Local governments across New York are being hindered by the slow growth in federal and state aid, a report today from Comptroller Thomas DiNapoli said.
From 2001 through 2011, federal and state aid grew 2.2 percent annually, slower than the 2.4 percent rate of inflation, DiNapoli said. The slow growth of aid has meant that local governments has had to rely more on property and sales-tax revenue, DiNapoli said.
DiNapoli told Gannett’s Albany Bureau today that he’s not advocating for more state or federal aid, just pointing out that the issue is one of many facing local governments. He has been issuing regular reports on the struggles of local governments.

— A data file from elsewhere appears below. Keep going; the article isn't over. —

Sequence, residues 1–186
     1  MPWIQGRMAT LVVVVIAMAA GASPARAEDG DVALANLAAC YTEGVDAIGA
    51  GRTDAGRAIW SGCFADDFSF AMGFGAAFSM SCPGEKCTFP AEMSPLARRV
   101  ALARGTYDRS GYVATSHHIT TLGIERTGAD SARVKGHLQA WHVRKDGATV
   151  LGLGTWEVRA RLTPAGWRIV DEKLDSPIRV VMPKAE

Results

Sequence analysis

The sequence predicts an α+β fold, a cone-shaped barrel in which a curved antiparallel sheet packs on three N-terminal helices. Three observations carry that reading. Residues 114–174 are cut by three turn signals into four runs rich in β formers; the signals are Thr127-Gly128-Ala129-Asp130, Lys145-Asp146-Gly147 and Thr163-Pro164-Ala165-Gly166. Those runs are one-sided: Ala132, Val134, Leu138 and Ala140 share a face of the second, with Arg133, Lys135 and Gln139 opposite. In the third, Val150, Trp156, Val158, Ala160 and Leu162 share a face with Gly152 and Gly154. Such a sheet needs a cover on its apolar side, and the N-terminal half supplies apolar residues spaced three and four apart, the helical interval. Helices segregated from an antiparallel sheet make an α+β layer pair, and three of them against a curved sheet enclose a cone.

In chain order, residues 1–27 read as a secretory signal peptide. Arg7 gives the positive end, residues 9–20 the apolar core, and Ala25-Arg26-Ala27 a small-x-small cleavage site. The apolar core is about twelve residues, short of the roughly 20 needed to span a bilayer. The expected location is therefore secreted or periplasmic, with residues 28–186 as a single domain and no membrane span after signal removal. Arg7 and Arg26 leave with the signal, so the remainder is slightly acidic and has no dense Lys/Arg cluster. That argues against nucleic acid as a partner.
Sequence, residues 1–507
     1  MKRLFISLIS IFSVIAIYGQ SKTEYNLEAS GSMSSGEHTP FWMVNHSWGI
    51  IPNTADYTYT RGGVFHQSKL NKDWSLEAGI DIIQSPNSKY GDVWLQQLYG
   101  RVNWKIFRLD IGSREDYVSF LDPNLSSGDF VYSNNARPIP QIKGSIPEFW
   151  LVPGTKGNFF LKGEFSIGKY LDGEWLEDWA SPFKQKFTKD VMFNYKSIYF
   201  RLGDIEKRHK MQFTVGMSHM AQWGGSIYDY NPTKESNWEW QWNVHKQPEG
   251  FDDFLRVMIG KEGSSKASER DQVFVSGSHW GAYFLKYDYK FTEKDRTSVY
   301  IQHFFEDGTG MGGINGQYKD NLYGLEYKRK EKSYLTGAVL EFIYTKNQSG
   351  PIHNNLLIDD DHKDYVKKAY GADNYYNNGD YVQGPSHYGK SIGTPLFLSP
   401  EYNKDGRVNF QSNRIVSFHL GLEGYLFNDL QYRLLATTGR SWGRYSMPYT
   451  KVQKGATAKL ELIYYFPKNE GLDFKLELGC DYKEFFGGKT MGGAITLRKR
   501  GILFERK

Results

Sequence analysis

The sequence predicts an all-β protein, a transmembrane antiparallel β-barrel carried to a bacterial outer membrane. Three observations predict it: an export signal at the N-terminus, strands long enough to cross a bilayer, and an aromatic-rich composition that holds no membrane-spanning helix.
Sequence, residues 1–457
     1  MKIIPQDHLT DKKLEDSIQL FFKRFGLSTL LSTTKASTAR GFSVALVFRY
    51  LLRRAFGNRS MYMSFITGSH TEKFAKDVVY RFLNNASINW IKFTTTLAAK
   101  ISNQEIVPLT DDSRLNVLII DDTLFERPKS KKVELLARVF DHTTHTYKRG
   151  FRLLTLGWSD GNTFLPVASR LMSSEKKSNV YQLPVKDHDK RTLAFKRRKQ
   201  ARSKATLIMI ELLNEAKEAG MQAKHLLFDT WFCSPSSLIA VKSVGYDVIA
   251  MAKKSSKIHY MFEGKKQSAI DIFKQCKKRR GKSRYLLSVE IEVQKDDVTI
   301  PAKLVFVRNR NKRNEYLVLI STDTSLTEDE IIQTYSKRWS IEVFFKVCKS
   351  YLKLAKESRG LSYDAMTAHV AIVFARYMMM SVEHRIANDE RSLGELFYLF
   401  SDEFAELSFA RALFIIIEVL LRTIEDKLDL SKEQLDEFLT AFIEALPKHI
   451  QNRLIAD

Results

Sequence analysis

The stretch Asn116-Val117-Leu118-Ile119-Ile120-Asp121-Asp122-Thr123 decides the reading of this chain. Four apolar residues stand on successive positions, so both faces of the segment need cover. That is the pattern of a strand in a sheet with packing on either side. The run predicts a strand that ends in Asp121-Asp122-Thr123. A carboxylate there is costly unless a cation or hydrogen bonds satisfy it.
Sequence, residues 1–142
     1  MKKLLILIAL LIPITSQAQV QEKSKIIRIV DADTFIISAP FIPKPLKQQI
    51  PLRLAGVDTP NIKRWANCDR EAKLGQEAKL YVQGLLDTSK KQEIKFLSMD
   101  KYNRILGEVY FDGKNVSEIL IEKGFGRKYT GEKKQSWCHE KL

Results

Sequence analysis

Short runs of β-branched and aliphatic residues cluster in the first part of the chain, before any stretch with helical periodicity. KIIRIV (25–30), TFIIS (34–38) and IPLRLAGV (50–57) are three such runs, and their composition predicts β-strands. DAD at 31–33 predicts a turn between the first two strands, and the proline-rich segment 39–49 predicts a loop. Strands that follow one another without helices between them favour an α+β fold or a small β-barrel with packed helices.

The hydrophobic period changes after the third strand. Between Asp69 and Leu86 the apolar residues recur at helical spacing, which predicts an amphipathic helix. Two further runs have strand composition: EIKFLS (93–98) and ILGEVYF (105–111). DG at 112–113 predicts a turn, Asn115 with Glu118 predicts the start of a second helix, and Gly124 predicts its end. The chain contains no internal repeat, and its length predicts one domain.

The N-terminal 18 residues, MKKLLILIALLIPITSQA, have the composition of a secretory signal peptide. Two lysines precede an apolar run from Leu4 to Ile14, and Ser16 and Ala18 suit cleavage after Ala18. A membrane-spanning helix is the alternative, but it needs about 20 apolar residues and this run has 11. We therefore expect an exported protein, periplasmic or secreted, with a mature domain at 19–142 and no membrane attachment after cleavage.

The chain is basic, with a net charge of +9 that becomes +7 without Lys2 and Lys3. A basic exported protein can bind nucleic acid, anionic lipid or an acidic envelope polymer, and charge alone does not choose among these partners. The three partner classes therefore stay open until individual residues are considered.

“I think it’s important for people to understand that what is driving the increased pressure on local governments is the fact that some of the traditional aid and support from the state and federal level just haven’t been there,” DiNapoli said. “That’s forcing either raising taxes on the local level or cutting services on the local level.”
From 2001 through 2011, federal aid to New York’s local governments grew by $932 million, roughly 3.5 percent a year. The recent increases had to do with the federal stimulus package, DiNapoli said.
During the same period, the state’s funding grew by 1.2 percent a year. Most of the increase came through the Aid and Incentives for Municipalities, the so-called AIM program that provides direct aid to cities and towns.